Momordica charantia   was sown in six random blocks in February 2000 in the experimental farm of Rajendra Agricultural University, Pusa, Bihar. Twenty-five (25) randomly selected fruits were collected weekly from each block starting on 4 April and continuing to 28 June (13 collections) to determine the percentage of fruits infested by B. cucurbitae   . Overall, infestation of M. charantia   fruits by B. cucurbitae   averaged 35.0% (range: 24.6–46.3%).

+ Mathew et al. 1999:

Vellanikkara, State of Kerala, India

Wilted M. charantia   (listed as bittergourd) vines were observed in the vegetable fields of

Kerala Horticulture Development Programme, Kerala Agricultural University, Vellanikkara. Maggots were found in a rotten area of the vine. The maggots were reared and adult B. cucurbitae   emerged. No infestation rate was reported.

+ Mote 1975:

Rahuri, State of Maharashtra, India

Momordica charantia   plants (listed as bitter gourd) were set out in the kharif season,

and again in the summer season, in Rahuri, India, in a randomized block design with three replicates, to test the effectiveness of different insecticides in reducing infestation by B. cucurbitae   (listed as Dacus cucurbitae   ). The percentage of fruits infested by B. cucurbitae   was calculated after making observations on infested and healthy fruits at each picking. Averages of 44.71% and 49.17% of M. charantia   fruits (in the untreated control) were infested by B. cucurbitae   in the kharif and summer seasons, respectively.

Mwatawala et al. 2010:

Morogoro Region, Central Tanzania

Fifty-eight (58) immature M. charantia   fruits (0.588 kg) were collected at irregular intervals between October 2004 and April 2008, from the Morogoro Region of Tanzania. Fruits were held in individual rearing boxes provided with appropriate medium for pupariation of infesting tephritid fruit flies. Emerged adults were removed and identified. Bactrocera cucurbitae   flies were recovered from 2 of 4 collections (50%), with an overall infestation rate of 86.73 flies/kg fruit and 277.17 flies/kg infested fruit.

Nakagawa et al. 1967:

Hawaii, U.S.A.

Wild M. charantia   fruits were heavily infested by B. cucurbitae   (listed as Dacus cucurbitae   ). Out of 5,269 mature green to ripe fruits collected in Honomalino, South Kona, Hawaii Island, 7,667 pupae were recovered, most of which were (presumably) B. cucurbitae   , but some recovery of the parasitoid, Tetrastichus giffardianus Silvestri   , suggests that some B. dorsalis   infestation was also present.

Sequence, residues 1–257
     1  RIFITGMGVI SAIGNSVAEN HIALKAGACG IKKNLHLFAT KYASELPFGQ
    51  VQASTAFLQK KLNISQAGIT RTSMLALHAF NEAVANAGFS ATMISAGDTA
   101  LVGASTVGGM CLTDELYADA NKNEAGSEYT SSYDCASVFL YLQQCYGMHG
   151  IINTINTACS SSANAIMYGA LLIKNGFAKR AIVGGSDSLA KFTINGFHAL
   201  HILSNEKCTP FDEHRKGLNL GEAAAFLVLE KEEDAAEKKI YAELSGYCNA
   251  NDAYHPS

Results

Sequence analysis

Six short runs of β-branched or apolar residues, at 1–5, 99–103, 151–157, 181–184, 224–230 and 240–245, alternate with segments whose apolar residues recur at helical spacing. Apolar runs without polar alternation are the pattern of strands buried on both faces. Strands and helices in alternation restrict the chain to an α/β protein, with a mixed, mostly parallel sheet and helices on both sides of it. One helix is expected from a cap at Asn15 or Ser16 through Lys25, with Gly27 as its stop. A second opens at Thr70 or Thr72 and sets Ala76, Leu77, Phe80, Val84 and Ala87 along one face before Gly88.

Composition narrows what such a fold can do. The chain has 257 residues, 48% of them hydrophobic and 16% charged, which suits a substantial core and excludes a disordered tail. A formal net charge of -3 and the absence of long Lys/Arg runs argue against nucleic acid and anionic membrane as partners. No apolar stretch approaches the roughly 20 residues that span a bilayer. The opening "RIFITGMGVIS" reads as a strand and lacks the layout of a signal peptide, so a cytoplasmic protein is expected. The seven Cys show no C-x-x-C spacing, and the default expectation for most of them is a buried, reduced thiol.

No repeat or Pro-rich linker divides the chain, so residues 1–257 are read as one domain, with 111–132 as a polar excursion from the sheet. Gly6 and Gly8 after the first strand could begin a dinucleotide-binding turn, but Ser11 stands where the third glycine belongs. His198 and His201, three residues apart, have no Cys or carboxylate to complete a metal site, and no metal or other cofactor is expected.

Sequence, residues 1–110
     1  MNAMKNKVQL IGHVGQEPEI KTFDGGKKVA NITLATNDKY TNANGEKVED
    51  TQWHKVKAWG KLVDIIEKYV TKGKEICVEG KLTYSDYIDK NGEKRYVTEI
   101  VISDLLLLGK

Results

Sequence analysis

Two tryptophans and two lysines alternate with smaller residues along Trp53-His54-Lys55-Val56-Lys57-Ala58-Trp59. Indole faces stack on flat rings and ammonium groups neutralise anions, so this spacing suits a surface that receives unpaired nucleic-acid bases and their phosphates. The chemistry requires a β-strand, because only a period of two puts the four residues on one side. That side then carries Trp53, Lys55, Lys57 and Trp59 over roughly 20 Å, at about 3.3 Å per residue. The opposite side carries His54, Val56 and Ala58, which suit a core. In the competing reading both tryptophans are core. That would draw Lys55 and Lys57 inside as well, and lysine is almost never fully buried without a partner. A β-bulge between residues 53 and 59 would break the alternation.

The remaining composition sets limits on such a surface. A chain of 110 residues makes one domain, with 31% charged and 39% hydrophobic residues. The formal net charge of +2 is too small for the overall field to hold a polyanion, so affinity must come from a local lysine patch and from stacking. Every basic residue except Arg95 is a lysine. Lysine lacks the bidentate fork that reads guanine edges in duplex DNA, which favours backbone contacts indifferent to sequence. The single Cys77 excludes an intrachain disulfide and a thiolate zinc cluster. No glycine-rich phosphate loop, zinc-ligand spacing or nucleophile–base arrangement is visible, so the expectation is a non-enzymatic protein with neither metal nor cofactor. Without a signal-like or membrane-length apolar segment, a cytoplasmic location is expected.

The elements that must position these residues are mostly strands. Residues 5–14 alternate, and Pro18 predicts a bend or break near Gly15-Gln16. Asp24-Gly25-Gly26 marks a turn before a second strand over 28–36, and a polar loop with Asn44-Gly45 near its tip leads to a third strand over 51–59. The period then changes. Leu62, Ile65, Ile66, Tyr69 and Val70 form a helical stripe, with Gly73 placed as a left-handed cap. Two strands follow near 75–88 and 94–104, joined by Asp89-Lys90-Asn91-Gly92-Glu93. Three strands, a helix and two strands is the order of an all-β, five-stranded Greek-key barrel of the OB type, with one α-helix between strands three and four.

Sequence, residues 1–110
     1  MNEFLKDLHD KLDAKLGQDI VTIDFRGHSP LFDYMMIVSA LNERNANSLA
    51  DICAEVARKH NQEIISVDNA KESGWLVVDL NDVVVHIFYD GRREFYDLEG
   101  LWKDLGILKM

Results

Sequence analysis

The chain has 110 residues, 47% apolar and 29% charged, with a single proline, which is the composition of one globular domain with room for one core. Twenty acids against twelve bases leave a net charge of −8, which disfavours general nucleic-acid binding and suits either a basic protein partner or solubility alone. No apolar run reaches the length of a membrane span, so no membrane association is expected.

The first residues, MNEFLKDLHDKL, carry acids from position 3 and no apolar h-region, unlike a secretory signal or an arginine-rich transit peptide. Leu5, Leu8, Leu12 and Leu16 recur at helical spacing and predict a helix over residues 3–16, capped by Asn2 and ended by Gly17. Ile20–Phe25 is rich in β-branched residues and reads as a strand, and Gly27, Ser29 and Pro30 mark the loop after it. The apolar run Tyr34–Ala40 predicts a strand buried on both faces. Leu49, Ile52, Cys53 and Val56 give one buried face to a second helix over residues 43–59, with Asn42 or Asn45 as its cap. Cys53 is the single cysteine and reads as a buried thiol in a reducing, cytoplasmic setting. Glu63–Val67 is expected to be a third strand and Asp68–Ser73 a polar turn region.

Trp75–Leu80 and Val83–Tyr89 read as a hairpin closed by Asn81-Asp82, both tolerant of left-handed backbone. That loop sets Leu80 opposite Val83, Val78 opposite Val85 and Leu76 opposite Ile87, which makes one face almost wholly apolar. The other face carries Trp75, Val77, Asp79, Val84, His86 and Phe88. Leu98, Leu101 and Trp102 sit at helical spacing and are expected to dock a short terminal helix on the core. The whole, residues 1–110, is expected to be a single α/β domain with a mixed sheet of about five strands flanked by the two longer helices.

Narayana et al. 1957:

Yenamalakuduru, State of Andhra Pradesh, India

Momordica charantia   var. ‘Nelakakara’ was cultivated from 1954 to 1955 and again from 1955 to 1956 in a randomized and replicated block layout in order to test the effectiveness of insecticidal treatments in reducing infestation by B. cucurbitae   (listed as Dacus cucurbitae   ). The percentage of fruits infested by B. cucurbitae   was assessed in fruits collected after each of two spray treatments spaced 3 weeks apart. Average percentage infestation in the untreated control plot was 26.9% in the 1954 to 1955 trials (range: 21.6–34.2%) and 35.4% in the 1955–1956 trials (range: 34.5–36.2%).

Nath and Bhushan 2006:

Varanasi, State of Uttar Pradesh, India

Momordica charantia   was sown, with three replications, in Varanasi, India, the last week of March (summer season) and again the last week of June (rainy season) in both 2001 and 2002. Percentage infestation by B. cucurbitae   averaged 28.6% (range: 26.1–31.0%) in the summer season and 46.0% (range: 45.3–46.8%) in the rainy season.

Nishida 1955:

Island of Oahu, Hawaii, U.S.A.

Infested M. charantia   fruits, with nearly full grown B. cucurbitae   (listed as Dacus cucurbitae   ) larvae, were collected at cultivated areas in the area of Waianae on the Island of Oahu, Hawaii between 1950 and 1951. Larvae were extracted from fruits and placed in small wax paper cups containing pumpkin pulp. The cups were placed on sand in jars in which a high humidity was maintained. Seventy-three (73) B. cucurbitae   larvae were recovered from the fruits. Number   of fruits and infestation rate data were not given.

Pal et al. 1984:

Bangalore, State of Karnataka, India

Multiple cultivars of M. charantia   were grown from seed collected from six states in

India (with one cultivar from the U.S.A.). Three replicates of 10 plants each were grown of each cultivar in Bangalore, India. Fruits from all replicates were combined for the determination of the percentage of fruits infested by B. cucurbitae   (listed as Dacus cucurbitae   ). Field trials were conducted in four separate seasons (summer, rains and winter 1976, and summer 1977). Cultivars that showed promise in resistance to infestation were tested further in cage studies (see results of these trials under laboratory infestation results below). Average percentage infestation among 17 cultivars tested in summer 1976 was 42.2% (range: 0.0–70.0%). Average percentage infestation among 41 cultivars tested in rains 1976 was 32.6% (range: 0.0–75.0%). Average percentage infestation among 44 cultivars tested in winter 1976 was 31.5% (range: 0.0–72.0%). Average percentage infestation among 45 cultivars tested in summer 1977 was 38.1% (range: 0.0–73.0%).

+ Pali 1963:

New Delhi, India (authors state that the trial was conducted in California, U.S.A., but this does not seem possible)